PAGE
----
Ageism in the workplace: are attitudes causing you to miss out on the most experienced talent?

5 min read | Yvonne Smyth | Article | Recruiting Skills shortages

Ageism in the workplace

As the ongoing skills shortages persist in the world of work – leaving some sectors on their knees – employers are honing in even further on how best to attract and retain exceptional staff. Recently, the value that more experienced professionals can bring to the workforce has been brought into the spotlight. In fact, older employees (generally defined as those aged 50+) can be a valuable source of top talent, as they likely have a breadth of experience, knowledge and skills under their belts after spending several decades in the workforce.
 

An ever-growing demographic

The Earth’s population is soaring – having increased from 7 to 8 billion people since 2010 – and people are living longer, meaning the number of people aged 50+ is constantly rising. This demographic is fast expanding; currently 38% of the UK population are aged 50+, but this is expected to increase to 42% by 2040.

Older workers are an ever-expanding pool of under-utilised talent that employers should be actively seeking out. In reality, however, some organisations are missing out on this vast supply of experienced workers – shockingly, according to our research, more than one-fifth (21%) of employers admit they don’t hire older workers and a further 24% are unsure if they do or not.
 

Older workers are keen to return to the workforce

Economic inactivity since the Covid-19 pandemic has primarily been driven by older workers, according to ONS statistics. In fact, 68.5% of the increased economic inactivity during that time was driven by those aged 50-65. Of the people aged 50-60 who left employment since the start of the pandemic, over three-quarters (77%) said they had expected to work for longer, and over half (57%) of people aged 60-70 said the same.

That said, there is hope to entice this demographic back into the workforce, as almost three-quarters (72%) of economically inactive people aged 50-65 would consider returning to work; this figure rises to a staggering 86% for those aged 50-54. Research from Age UK also backs up this data, as they say that the rising cost-of-living is drawing many people out of retirement and back into the workforce in order to maintain a comfortable standard of living.
 

Ageism is commonplace

The overwhelming majority (88%) of older workers believe it’s important for organisations to take action to prevent ageism in their recruitment processes, but only just over half (52%) of employers actually do so. For the 48% that do not, there could be consequences. 57% of over 50s would be less likely to accept a job offer if an organisation didn’t take steps to mitigate ageism, while 27% would consider withdrawing their job application entirely. Over one-fifth (21%) would consider raising concerns on an organisation’s review site, potentially damaging their reputation.

Ageism is evidently an all too common occurrence; almost half of over 50s (49%) believe their age has impacted their chance of a job offer. It’s vital that all employers are taking action to prevent this, or else risk struggles with staff attraction and reputational repercussions. To effectively welcome a greater number of older workers back into the workforce, age-based discrimination during recruitment processes must stop.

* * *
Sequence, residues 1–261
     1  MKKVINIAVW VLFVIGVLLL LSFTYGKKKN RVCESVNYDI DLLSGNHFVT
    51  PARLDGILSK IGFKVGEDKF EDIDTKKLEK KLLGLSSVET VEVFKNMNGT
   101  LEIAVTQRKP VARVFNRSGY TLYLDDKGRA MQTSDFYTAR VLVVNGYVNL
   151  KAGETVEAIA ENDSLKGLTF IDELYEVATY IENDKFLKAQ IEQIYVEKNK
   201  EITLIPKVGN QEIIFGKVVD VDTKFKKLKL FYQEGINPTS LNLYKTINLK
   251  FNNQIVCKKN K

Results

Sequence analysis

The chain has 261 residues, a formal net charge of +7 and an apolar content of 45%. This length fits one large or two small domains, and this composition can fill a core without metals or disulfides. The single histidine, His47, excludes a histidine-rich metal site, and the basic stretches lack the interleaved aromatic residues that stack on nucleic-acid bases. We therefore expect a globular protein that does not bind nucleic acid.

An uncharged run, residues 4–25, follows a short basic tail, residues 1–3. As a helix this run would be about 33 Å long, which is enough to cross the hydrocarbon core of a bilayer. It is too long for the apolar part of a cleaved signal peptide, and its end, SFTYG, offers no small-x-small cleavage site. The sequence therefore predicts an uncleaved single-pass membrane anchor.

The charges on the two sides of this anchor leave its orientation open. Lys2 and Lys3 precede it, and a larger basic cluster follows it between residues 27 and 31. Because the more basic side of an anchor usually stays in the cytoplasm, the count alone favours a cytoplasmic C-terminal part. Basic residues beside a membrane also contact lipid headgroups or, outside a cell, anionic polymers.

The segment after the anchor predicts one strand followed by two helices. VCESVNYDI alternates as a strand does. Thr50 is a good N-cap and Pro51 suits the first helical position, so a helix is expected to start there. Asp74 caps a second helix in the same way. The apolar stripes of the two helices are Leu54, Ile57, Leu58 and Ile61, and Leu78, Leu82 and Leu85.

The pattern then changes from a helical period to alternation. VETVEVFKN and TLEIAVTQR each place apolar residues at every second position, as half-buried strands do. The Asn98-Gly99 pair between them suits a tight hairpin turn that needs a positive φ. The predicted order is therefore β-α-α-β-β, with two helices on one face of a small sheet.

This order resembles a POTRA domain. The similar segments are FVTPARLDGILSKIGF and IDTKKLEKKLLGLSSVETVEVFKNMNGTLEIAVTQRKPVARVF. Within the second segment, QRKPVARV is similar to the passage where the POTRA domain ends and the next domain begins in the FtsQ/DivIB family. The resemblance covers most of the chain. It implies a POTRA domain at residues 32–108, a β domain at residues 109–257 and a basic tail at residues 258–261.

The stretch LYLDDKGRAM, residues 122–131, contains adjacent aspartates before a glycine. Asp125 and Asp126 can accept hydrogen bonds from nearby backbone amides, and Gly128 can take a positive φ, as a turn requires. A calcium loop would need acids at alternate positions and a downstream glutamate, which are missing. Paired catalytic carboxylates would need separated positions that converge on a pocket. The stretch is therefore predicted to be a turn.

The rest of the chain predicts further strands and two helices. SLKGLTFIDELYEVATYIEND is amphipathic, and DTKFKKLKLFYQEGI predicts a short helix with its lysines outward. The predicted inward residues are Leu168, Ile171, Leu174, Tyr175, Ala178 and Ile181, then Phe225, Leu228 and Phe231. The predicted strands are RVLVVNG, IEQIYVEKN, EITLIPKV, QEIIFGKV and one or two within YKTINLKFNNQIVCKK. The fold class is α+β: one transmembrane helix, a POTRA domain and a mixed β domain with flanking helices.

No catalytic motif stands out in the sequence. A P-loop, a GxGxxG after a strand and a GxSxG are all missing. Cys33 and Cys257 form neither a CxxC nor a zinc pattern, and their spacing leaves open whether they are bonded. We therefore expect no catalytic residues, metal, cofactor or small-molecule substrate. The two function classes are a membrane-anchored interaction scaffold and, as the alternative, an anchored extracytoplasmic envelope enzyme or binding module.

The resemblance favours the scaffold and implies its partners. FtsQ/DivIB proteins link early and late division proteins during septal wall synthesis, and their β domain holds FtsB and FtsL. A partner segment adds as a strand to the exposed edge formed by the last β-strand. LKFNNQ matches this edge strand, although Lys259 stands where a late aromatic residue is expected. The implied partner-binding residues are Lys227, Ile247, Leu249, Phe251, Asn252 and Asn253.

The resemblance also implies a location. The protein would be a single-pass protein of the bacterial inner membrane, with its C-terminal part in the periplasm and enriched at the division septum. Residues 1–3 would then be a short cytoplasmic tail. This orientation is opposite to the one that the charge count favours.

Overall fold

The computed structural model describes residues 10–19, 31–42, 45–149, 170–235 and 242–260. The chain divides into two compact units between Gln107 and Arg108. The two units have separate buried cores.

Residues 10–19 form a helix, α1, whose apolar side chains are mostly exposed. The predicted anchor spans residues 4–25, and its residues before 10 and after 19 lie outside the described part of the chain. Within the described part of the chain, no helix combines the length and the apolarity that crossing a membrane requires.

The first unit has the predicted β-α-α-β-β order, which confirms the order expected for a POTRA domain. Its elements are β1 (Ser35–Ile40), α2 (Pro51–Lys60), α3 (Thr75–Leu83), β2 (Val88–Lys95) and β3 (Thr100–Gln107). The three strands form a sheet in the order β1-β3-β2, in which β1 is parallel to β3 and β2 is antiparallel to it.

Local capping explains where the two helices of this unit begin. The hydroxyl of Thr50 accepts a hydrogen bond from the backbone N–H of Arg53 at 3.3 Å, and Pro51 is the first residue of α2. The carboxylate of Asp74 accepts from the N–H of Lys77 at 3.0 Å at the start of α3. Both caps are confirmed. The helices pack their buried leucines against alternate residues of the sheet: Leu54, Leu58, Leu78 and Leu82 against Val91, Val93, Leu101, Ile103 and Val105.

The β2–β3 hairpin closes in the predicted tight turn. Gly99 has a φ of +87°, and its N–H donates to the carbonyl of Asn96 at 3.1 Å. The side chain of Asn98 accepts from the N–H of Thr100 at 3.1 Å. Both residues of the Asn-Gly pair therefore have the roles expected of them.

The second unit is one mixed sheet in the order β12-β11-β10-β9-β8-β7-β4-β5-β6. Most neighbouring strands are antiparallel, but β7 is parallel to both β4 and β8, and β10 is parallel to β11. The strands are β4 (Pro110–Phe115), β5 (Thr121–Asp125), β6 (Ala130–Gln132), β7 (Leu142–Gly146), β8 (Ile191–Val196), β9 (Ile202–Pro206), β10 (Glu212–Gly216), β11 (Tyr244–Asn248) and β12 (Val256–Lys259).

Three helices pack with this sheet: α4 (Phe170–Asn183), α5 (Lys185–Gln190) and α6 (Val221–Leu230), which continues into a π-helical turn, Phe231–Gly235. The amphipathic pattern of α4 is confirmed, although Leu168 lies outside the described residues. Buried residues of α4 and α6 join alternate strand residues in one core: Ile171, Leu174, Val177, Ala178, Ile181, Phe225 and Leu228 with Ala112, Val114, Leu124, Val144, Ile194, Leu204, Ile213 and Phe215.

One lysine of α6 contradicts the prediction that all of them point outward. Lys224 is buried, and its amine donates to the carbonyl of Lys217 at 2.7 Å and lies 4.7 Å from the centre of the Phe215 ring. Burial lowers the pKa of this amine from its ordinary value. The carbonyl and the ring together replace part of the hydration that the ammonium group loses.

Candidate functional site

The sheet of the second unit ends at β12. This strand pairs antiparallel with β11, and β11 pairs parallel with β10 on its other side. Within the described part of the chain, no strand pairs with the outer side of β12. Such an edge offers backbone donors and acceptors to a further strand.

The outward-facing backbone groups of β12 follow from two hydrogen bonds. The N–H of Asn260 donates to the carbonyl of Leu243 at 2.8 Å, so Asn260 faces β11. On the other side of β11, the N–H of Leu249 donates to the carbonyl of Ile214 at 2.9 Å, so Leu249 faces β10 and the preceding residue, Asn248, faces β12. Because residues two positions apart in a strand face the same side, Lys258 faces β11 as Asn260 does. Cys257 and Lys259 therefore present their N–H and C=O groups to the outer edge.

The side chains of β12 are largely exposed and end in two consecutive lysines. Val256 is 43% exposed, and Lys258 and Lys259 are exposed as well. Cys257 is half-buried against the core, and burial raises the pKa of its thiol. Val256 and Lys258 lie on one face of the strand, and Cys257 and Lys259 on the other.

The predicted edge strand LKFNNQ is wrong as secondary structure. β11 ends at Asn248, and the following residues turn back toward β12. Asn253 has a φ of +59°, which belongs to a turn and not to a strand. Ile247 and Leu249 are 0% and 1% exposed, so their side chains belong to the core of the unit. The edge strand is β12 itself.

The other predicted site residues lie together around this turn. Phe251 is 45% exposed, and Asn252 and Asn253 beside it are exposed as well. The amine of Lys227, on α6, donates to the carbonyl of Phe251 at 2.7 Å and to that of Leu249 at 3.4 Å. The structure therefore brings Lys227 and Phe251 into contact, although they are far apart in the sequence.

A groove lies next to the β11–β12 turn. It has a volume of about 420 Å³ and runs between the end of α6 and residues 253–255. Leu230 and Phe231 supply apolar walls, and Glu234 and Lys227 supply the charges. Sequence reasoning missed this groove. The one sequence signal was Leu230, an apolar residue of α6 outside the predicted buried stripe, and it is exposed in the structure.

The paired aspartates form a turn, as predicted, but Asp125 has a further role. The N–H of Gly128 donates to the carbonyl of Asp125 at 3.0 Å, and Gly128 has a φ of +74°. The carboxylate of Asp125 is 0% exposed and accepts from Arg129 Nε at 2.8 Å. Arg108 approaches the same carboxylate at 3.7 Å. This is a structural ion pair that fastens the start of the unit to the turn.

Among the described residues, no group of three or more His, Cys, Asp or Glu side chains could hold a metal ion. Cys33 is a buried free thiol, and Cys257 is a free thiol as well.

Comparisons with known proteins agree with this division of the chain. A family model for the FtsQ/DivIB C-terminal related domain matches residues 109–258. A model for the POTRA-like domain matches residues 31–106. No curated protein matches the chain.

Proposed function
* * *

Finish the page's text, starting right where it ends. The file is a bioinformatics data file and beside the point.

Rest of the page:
What older workers want vs. their reality

Our What Workers Want: Older Workers report found there to be a disconnect between the types of benefits the over 50s would like to receive from their employer and what they are actually being offered. 51% of older workers deemed a four-day working week as an important benefit, despite this only being on offer by 13% of organisations. Almost two-thirds (65%) would like flexible-working opportunities, which is 20 percentage points higher than the reality (45%). Other benefits frequently being offered to older employees include training opportunities (42%) and wellness programmes (41%), despite the fact that only 24% and 17% of over 50s actually desire these, respectively.

To attract older workers to their vacancies and encourage them back into the workforce, employers should be adapting their benefits packages to be more appealing to this demographic.

Download a copy of our What Workers Want: Older Workers report to discover more about what organisations can do to better attract and retain older, experienced employees.

 

About this author

Yvonne Smyth, Group Head of Equity, Diversity And Inclusion, Hays

Yvonne is the Group Head of Equity, Diversity and Inclusion for Hays plc, with over 23 years professional recruitment experience.

Yvonne spearheads Hays’ commitment to being recruiting experts by ensuring that our major recruitment linked activities and insights are designed to positively promote and create more diverse workforces and inclusive workplace cultures. Working directly with customers, in partnership with subject matter experts, community groups, and through colleagues, Yvonne has been responsible for creating and curating a suite of resources designed to inform, support and enable our customers to progress their D&I linked commitments and navigate their careers.

Yvonne is the national specialism director for Hays Human Resources, the largest HR specialist recruiter in the UK. She is responsible for the HR national strategy within this high growth and pivotal specialism consisting of over 70 consultants across 45 locations. Yvonne is also the national specialism director for Hays Legal and Hays Company Secretarial, a team of over 35 experts across 7 locations.

Recently Yvonne was featured in the SIA 2019 Global Power 150 Women in Staffing list, which recognises the female leaders and influencers in the global market space. Prior to joining Hays, Yvonne initially trained and qualified as a litigation.

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